- The assessment and support planning process will show consideration of the person’s relevant background, their culture, their current or past lifestyle, their upbringing, past experiences, their current or past working experience and promote related strengths.
- The process will be sensitive to the cultural or religious requirements of the assessed person or their carers and guided by the person’s wishes.
- The episode will encompass the principles of dignity, fairness, equality and respect as set out in the Human Rights Act 1998.
- Interpreters and culturally sensitive support have been used to support the person through the assessment and support planning process where required.
- The person’s ethnicity will always be recorded within their case record.
- There should be evidence of promoting choice and flexibility in support planning and brokering, which enables specific needs relating to protected characteristics to be addressed.
- Any deficiencies in support and unmet needs, resulting from religious or cultural requirements, will be recorded and notified to service commissioners through the correct procedure.
Additional Guidance: Quality Practice Standards – Additional Guidance Standard 7 – Valuing diversity
Standard 8 – NHS Continuing Healthcare
It is clearly demonstrated that the process for considering a person’s eligibility for NHS Continuing Healthcare (CHC) has been followed in compliance with the National Framework and local processes.
- There is evidence that the practitioner has considered the customer’s eligibility for NHS Continuing Healthcare as part of their assessment, documenting all relevant health issues and rationale for whether a Healthcare Checklist is required.
- Where a Healthcare Checklist is required there will be evidence that consent to assess for Continuing Healthcare eligibility has been recorded.
- There is written evidence that the practitioner has appropriately informed and involved the customer and their family or representative in the CHC process.
- There is evidence that the practitioner has taken the appropriate action to engage a health professional to coordinate a Multi-Disciplinary meeting to undertake a Decision Support Tool.
- There is evidence that a copy of the completed Checklist and any supporting documents have been sent to the Continuing Healthcare Team (see Local Contacts) by secure email.
- In cases that progress to completion of a Decision Support Tool (DST), there is evidence that the practitioner has appropriately participated and the recommendation is recorded.
- If there is a split recommendation where the practitioner disagrees with the other members of the Multi-Disciplinary Team (MDT), there is evidence that they have provided the coordinator with a written rationale to support their individual recommendation.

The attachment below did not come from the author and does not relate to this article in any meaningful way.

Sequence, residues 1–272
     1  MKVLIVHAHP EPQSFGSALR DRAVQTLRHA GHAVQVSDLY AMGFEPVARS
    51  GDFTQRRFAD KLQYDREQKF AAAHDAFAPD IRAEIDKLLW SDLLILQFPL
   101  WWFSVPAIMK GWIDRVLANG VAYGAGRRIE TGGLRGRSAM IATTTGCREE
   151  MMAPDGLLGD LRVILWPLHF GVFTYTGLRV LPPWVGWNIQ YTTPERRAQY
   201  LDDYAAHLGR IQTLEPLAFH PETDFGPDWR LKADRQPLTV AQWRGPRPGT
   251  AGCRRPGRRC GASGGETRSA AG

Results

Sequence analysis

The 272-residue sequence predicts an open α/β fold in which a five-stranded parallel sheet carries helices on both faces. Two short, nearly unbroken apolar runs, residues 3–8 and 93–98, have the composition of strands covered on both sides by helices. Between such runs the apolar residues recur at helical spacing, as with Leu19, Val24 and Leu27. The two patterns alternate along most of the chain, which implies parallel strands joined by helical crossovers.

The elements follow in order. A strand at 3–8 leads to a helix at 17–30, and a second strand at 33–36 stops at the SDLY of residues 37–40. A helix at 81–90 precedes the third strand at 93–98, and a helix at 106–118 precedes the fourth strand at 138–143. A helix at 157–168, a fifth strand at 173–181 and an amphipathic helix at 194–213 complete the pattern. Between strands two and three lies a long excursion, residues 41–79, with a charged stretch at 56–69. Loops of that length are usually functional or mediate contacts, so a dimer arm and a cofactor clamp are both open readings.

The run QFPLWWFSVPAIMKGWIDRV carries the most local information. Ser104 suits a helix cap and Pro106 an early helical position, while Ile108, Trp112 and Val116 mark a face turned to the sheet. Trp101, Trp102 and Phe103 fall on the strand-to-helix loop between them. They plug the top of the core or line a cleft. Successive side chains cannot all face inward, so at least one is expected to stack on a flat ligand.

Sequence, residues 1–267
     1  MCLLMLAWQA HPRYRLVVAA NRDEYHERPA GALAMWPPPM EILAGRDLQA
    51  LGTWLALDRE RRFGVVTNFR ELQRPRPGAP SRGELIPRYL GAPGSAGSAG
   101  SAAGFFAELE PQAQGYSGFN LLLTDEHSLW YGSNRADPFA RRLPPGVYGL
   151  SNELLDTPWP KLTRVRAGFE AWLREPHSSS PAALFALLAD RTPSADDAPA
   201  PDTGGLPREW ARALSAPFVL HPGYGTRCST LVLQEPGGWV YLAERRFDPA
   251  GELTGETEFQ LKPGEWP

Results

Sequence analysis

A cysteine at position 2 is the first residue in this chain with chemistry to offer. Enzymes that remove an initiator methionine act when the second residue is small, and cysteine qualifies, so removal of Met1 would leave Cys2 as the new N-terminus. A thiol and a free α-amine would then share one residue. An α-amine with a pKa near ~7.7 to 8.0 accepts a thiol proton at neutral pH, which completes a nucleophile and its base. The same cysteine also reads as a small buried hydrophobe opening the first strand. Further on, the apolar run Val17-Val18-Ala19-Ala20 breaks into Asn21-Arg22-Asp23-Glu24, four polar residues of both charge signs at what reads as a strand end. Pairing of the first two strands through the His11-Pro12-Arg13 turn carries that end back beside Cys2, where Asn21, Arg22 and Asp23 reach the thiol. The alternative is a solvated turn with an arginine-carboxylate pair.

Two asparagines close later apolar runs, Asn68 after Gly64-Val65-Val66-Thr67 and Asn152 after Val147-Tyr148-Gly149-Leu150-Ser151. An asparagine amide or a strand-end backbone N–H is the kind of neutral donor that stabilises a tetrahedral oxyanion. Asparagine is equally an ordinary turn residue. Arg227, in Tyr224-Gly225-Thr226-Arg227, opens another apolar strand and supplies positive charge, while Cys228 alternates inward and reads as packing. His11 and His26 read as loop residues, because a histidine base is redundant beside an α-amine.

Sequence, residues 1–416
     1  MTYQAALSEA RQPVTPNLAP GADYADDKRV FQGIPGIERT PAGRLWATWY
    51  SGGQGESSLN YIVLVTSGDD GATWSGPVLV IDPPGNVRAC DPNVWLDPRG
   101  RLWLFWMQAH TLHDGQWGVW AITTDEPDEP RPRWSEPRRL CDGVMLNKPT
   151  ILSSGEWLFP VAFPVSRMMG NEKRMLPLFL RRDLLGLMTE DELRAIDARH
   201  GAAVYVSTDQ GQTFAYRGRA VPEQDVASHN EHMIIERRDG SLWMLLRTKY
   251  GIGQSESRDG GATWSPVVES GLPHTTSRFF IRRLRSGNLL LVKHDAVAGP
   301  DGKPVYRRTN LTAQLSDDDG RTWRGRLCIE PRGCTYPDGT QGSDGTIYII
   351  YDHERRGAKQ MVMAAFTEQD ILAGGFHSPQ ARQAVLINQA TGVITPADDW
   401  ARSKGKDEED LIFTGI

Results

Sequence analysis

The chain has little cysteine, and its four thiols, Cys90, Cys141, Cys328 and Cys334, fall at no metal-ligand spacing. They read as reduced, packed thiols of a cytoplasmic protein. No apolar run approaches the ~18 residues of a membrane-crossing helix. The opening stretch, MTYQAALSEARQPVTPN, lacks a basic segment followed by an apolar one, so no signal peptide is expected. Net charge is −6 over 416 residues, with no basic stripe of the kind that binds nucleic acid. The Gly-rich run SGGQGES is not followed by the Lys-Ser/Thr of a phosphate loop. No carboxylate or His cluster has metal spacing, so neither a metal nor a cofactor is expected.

- There is a record of the outcome of the Decision Support Tool.
- In cases where a health professional requests an Adult Care practitioner to participate in a DST/MDT meeting, there is evidence of an appropriate response.
- There is evidence of completion of the CHC monitoring form within the person’s electronic case record.
Standard 9 – Outcome Focused Care and Support Planning
Care and support plans will:
- be developed as far as possible by the person with the support of whoever they choose;
- focus on the outcomes the person wants to achieve in response to their assessed care and support / safeguarding needs;
- reflect the strengths and assets of the person and their support networks.
- The person should be as actively involved as possible in creating their plan, with it recording how they have been involved in developing it.
- Plans should reflect and address the care and support needs identified in their assessment and acknowledge the person’s hopes and aspirations in setting the outcomes they want to achieve in meeting their needs.
- The plan should adopt a strengths based approach, evidencing that the person’s own strengths, capabilities, relationships and community resources have been utilised to meet outcomes.
- Plans should reflect the input and advice of relevant professionals, including Neighbourhood Teams, to ensure complex and long term conditions are managed effectively.
- The record should evidence that the person has been informed of their agreed personal budget through the use of the letter template which is available on the electronic case record.
- The record will evidence that the person is in full agreement with and has a copy of their plan.
Standard 10 – Maximising Choice and Control over Care Delivery
People will be given information, advice and access to support to benefit fully from self-directed care and support.
- The customer record will evidence that direct payments and pre-payment cards have been promoted as the default delivery method for ongoing care and support in full or part.
- The person will be advised about the support available from Penderels to help them receive direct payments, and their choices should be recorded and referrals made where required.
- The person should be given time and opportunity to consider direct payments, including consideration of short term arrangements to support later transition to direct payments.
- When Direct Payments / Pre-payment cards are chosen as the delivery method for the personal budget, the practitioner must follow direct payment policy and procedure including verifying the identity of the person holding the card account.
- There should be evidence that the person has been given freedom to choose how they use their direct payment to meet the outcomes in relation to the care and support needs which have led to the direct payment.
Standard 11 – Monitoring, Reviewing and Reassessing Support Arrangements
- Support arrangements will be monitored and checked to ensure they are meeting outcomes;
- Reviews shall ensure that care and support plans continue to meet needs and support the person to achieve their outcomes, with any changes or actions reflected in care and support plan.